In most cases, the babies outgrow this untoward shift and return to a more stable sleeping pattern within a few days to a few weeks.
Some experts believe these fluctuations in babies’ sleeping patterns are part of their normal developmental process.
The sleep cycle of a newborn alternates between light sleep and deep sleep and goes through these shifts as it evolves to a more consistent sleep pattern like that of an adult.
SIDS and Other Sleep-Related Infant Deaths
Sudden infant death syndrome (SIDS) is defined as the sudden, unexpected death of an infant in the first year of his/her life, wherein the cause of mortality remains unknown even after a formal investigation into the circumstances of the death. (13)
As many as 3,500 infants die annually in the United States due to this idiopathic phenomenon, which usually cannot be explained by a complete autopsy, examination of the death scene, and review of the clinical history. (13)
The American Academy of Pediatrics (AAP) has outlined the following recommendations to reduce the risk of SIDS and sleep-related deaths: (14)
- Stay up-to-date with your baby’s immunization schedule.
- Mother’s milk is by far the ideal source of nourishment. It is recommended to breastfeed your baby for the first 6 months.
- Do not make your baby sleep on his/her belly or side as it can increase the risk for aspiration, choking, or SIDS. The ideal sleeping position for babies is on their back.
- You can help your baby sleep more soundly by using a pacifier. However, you should hold off on introducing a pacifier until your baby has become completely familiarized and accustomed to breastfeeding.
- Do not bury the baby under multiple layers of clothing or blankets. Do not cover the baby’s head while sleeping, as it can lead to overheating and even suffocation.
- Do not leave your infant unattended on waterbeds, air mattresses, pillows, soft materials, makeshift beds, or loose bedding, even for a short while.
- Always install a firm mattress in your baby’s crib or bassinet and cover it with a tightly fitted sheet to leave no room between the mattress and the sides of the crib, play yard, or bassinet. A secure sleeping space such as this can help prevent entrapment, suffocation, and SIDS.
- You should allot a separate sleeping space to your little one. Co-sleeping is ill-advised, due to an increased risk of SIDS.
- Keep your baby’s bedding tightly tucked, and do not crowd your baby’s crib or bassinet with loose pads, pillows, comforters, or blankets.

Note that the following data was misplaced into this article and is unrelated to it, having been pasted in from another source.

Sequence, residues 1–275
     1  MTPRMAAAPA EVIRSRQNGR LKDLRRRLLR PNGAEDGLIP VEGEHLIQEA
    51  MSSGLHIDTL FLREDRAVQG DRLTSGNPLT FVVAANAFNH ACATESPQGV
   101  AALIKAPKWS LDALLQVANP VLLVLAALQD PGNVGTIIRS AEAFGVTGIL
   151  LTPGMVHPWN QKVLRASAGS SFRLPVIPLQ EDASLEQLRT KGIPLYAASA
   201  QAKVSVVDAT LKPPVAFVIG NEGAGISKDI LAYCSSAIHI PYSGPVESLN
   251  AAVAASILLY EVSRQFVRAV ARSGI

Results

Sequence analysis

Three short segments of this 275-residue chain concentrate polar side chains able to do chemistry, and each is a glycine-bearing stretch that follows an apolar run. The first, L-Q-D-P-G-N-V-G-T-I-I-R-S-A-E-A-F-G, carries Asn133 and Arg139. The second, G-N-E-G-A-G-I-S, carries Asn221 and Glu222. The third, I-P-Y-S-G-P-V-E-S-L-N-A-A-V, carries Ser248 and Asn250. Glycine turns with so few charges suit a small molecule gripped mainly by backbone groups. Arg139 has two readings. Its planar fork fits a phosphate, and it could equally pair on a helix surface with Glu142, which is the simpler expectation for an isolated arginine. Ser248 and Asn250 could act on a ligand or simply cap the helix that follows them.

- Many commercial devices are sold with the intent to decrease the risk of SIDS and sleep-related infant deaths. However, these devices can actually be counterintuitive and should be avoided.As a parent, you should not buy into the myth that installing home cardiorespiratory monitors, positioners, and special mattresses will help protect your baby from the threat of SIDS.
In fact, these ploys are even known to cause infant deaths in rare cases. It is, therefore, best to avoid using such risky methods.
- Keep your baby safe by placing his/her crib, bassinet, and play yard in a hazard-free area, away from any dangling cords or wires, to reduce the risk for strangulation.
- Ensure that your baby’s sleeping space is completely smoke-free.
- Do not expose your baby to screen devices, especially when bedtime is approaching.
When to See a Doctor
Always consult your baby’s pediatrician before making any major changes to your baby’s sleeping habits, routine, or environment.
Similarly, call the doctor if you notice a sudden shift in the baby’s sleeping pattern as it can be due to an illness, such as an ear infection.
If your baby experiences sleep troubles regularly despite adherence to an optimal bedtime routine, it is always a good idea to consult a pediatrician.
All parents want their infants to sleep well and longer. Babies do not have a sense of day and night. They often wake to eat no matter what time it is. Yet their sleep schedule can be planned, which can help them have a deep and sound sleep.
Sleep training may seem arduous and time-consuming at first, but the task will only get easier once you get into the habit of it. Patience and consistency are the key elements for perfecting your baby’s bedtime routine and regularizing his/her sleep-wake cycle.
Since the child has no understanding of day and night, you have to plan out his/her schedule meticulously to ensure that he/she sleeps and wakes at the right time.